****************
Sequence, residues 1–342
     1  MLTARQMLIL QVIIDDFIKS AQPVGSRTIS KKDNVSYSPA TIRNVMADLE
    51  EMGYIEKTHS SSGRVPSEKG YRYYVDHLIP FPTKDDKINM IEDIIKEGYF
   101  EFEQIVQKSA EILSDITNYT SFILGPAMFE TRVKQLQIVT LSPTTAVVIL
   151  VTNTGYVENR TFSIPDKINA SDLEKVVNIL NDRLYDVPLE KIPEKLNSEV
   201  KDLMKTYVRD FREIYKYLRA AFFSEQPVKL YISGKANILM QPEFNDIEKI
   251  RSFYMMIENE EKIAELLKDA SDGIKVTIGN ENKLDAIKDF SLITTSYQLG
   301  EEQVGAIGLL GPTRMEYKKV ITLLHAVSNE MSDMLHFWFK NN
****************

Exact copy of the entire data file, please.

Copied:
Sequence, residues 1–342
     1  MLTARQMLIL QVIIDDFIKS AQPVGSRTIS KKDNVSYSPA TIRNVMADLE
    51  EMGYIEKTHS SSGRVPSEKG YRYYVDHLIP FPTKDDKINM IEDIIKEGYF
   101  EFEQIVQKSA EILSDITNYT SFILGPAMFE TRVKQLQIVT LSPTTAVVIL
   151  VTNTGYVENR TFSIPDKINA SDLEKVVNIL NDRLYDVPLE KIPEKLNSEV
   201  KDLMKTYVRD FREIYKYLRA AFFSEQPVKL YISGKANILM QPEFNDIEKI
   251  RSFYMMIENE EKIAELLKDA SDGIKVTIGN ENKLDAIKDF SLITTSYQLG
   301  EEQVGAIGLL GPTRMEYKKV ITLLHAVSNE MSDMLHFWFK NN